The Matchbook Diaries


My favorite coffee table book is titled:  “Never Stop To Think, Do I Have A Place For This?”.

I love little, pretty things.  When I was a child I collected glass animals and doll house furniture.  When my son was a baby, he found something most days that he wanted to hold and to carry along all day – coconuts, a pumpkin, a special stone.  He still does that now at 11, he will fetch a shark tooth or a crystal from his room and carry it about.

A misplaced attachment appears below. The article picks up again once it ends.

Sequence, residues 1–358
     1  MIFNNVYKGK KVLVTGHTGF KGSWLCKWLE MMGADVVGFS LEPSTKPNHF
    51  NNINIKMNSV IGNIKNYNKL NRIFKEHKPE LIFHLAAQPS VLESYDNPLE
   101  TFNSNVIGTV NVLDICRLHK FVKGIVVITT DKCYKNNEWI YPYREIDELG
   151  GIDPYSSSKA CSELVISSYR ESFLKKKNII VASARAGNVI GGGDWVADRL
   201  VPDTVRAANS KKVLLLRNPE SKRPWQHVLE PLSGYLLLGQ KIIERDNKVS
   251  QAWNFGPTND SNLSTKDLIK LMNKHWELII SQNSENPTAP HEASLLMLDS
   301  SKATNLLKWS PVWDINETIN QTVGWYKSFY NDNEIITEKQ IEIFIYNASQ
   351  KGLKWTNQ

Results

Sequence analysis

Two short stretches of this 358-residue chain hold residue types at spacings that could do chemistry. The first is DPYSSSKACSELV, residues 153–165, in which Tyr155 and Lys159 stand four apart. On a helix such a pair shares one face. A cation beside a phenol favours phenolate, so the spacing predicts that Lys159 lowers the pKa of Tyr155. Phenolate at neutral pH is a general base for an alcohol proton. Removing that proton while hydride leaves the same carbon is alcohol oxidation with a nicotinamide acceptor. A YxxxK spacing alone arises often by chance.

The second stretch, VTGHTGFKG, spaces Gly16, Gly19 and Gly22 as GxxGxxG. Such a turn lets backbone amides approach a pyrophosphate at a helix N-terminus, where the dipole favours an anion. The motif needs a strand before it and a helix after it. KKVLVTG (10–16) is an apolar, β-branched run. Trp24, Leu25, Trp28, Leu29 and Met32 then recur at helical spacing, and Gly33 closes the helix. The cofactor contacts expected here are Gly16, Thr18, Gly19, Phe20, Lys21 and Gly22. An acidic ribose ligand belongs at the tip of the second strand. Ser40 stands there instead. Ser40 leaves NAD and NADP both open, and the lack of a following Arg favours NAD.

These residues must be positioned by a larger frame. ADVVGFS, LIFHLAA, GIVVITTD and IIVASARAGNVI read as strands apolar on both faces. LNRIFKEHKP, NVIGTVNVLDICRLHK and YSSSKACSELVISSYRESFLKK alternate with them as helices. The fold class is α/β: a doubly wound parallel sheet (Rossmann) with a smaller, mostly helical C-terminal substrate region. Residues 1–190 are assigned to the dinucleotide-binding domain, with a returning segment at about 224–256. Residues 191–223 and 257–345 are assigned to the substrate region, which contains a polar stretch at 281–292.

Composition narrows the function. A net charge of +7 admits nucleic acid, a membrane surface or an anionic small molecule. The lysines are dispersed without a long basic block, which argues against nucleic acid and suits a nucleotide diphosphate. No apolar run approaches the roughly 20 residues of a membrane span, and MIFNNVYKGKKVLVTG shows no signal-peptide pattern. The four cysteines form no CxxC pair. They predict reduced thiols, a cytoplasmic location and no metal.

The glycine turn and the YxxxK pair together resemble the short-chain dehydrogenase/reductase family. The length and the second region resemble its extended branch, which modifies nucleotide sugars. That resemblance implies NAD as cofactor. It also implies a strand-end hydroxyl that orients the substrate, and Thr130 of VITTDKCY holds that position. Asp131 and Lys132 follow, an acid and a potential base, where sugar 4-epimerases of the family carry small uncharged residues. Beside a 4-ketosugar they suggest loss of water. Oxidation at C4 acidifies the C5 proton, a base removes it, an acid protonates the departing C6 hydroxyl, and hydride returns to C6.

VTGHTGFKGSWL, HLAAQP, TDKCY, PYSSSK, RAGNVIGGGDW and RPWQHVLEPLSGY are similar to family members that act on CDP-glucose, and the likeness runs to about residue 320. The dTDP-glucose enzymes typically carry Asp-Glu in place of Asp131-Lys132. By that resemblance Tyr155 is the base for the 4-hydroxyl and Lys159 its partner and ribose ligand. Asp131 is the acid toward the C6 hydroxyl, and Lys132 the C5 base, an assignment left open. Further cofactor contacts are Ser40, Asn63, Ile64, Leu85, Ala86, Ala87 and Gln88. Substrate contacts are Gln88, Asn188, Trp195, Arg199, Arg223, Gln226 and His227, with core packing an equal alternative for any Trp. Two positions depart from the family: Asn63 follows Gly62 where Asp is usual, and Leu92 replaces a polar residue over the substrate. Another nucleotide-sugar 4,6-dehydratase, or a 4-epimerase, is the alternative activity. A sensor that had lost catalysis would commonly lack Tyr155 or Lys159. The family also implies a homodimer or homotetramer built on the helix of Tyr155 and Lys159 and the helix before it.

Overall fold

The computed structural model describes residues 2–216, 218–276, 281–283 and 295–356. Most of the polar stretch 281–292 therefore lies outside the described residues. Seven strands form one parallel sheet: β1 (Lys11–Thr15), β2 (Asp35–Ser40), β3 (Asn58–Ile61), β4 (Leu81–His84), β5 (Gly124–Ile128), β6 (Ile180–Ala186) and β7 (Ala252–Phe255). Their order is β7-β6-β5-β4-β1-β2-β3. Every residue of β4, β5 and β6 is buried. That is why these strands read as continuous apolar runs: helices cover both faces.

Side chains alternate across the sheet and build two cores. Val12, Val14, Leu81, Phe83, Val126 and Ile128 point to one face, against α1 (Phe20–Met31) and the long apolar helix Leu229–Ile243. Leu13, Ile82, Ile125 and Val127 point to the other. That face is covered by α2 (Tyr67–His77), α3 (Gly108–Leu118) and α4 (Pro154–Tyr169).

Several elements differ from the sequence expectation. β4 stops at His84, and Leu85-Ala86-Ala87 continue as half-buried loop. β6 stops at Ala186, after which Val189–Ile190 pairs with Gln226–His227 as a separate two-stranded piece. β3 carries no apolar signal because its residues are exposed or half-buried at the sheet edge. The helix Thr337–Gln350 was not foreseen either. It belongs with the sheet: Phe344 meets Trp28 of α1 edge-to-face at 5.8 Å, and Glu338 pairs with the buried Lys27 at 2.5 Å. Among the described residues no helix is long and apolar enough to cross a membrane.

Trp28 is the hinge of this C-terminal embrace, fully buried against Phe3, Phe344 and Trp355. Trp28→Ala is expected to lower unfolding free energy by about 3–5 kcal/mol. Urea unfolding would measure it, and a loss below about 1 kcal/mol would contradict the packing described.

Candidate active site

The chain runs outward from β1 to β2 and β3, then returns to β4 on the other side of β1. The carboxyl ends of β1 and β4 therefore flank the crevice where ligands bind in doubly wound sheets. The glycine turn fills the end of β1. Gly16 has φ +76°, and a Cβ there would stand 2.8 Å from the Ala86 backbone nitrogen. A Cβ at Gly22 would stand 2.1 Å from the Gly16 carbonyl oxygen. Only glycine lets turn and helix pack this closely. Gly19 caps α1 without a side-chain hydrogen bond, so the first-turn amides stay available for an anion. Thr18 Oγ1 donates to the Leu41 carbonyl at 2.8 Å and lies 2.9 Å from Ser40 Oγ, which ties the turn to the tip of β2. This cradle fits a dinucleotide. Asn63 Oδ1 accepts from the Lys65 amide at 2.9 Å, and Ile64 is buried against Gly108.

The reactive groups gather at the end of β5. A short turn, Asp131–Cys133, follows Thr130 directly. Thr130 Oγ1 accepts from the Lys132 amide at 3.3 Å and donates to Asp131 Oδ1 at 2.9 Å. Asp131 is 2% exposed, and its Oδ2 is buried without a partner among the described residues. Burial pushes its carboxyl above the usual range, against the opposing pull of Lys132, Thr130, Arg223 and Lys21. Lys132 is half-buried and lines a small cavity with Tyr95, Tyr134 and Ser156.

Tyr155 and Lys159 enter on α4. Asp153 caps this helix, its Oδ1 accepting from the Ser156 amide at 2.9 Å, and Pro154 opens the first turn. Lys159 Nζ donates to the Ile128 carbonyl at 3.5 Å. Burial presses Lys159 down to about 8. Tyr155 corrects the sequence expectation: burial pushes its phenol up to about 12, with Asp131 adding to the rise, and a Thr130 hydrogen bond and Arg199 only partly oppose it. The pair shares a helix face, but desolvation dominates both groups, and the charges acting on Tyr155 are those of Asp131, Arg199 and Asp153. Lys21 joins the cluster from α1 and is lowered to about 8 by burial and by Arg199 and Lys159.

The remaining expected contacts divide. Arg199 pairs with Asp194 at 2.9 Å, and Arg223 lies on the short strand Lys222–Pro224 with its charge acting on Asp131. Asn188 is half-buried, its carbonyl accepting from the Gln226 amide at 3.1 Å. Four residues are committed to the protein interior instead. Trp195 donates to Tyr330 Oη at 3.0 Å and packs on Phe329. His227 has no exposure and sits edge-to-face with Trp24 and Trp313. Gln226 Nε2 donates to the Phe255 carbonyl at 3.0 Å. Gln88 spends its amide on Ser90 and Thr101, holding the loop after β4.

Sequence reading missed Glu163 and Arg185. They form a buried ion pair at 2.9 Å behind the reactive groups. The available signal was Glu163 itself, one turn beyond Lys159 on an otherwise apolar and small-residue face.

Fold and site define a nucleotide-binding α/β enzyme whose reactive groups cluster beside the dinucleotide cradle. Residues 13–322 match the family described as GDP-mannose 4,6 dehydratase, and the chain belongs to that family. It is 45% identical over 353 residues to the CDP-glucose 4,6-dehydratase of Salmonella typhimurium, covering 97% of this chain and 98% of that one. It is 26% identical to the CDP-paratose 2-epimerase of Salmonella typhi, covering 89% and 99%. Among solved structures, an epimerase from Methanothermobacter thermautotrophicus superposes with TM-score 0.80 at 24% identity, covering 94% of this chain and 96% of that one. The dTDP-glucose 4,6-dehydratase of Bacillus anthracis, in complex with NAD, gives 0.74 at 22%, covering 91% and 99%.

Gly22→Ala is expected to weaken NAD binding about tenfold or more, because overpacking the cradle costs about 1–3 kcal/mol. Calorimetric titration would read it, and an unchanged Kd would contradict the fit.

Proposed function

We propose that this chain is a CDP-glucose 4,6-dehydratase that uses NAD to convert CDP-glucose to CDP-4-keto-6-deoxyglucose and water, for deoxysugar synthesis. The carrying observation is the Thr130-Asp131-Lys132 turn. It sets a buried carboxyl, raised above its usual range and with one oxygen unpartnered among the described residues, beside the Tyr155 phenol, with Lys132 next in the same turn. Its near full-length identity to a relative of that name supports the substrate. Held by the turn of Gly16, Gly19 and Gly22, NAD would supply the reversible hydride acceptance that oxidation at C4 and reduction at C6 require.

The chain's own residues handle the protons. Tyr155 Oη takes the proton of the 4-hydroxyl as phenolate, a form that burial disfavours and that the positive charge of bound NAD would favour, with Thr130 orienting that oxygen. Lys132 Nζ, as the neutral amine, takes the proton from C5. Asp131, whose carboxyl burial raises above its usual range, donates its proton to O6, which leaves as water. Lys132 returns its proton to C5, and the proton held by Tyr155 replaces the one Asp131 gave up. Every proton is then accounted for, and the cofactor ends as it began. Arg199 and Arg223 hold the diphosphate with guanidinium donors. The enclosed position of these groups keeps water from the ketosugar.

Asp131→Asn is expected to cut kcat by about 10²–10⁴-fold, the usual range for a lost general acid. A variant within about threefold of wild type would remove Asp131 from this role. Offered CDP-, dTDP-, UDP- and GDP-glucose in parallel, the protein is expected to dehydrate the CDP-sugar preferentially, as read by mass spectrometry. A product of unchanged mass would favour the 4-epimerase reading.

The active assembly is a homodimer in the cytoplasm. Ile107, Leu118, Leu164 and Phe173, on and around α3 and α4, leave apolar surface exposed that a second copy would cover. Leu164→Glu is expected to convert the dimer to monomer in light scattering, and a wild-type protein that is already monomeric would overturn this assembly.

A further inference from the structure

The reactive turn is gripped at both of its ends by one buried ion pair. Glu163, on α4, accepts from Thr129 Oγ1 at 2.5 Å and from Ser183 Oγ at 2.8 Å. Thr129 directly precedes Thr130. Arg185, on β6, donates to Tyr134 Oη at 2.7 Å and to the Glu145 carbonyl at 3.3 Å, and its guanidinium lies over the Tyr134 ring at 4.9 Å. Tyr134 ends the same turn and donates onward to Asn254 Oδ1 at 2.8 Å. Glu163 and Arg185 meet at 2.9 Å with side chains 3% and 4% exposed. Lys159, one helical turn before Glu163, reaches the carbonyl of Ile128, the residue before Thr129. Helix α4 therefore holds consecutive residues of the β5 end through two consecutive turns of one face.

Because we frequently move internationally, my attachment to things is hard on us.  We travel by container.  Other people arrive at a new compound with ten or fifteen boxes; their houses stay bare.  We arrive with a truck loaded with hundreds of boxes, my shells, my ribbons from all over the world, my beach marbles, my collection of broken China, my beads from all over the world, the old ghee can holding my paintbrushes that I bought from an Indian wood carver, my family silver, my burlap rice sacks, my collection of tin boxes.  When we moved from Qatar to Tanzania we left a 5 bathroom villa for a tiny, old house.  It’s 80 square meters.  I loved the house when I saw it – I love the absurdity of it – this place was once two tiny homes for the single teachers who came here 55 years ago.  When the school connected the homes they left both staircases.  Although we only have one kitchen it’s quite obvious where the other one was.  We built a porch along the back of the house so I could have a place for my thousands of beach bottles and the hundreds of fishing buoys from all over the world.  Then my husband put a picture hanging strip of wood along the ceiling of every single room so that I could hang the hundreds and hundreds of pieces of art I carry along without having to drill holes in the cement walls.  Ultimately I drilled loads of holes anyway, so I could wrap myself in the things I think are beautiful.  The other day my son was testing a paper airplane for a science experiment and flew it into my collection of Egyptian perfume bottles, breaking into bits.  I’ve learnt to tell him the truth:  The person who tends to break stuff is me, and nothing I own matters all that much, not really.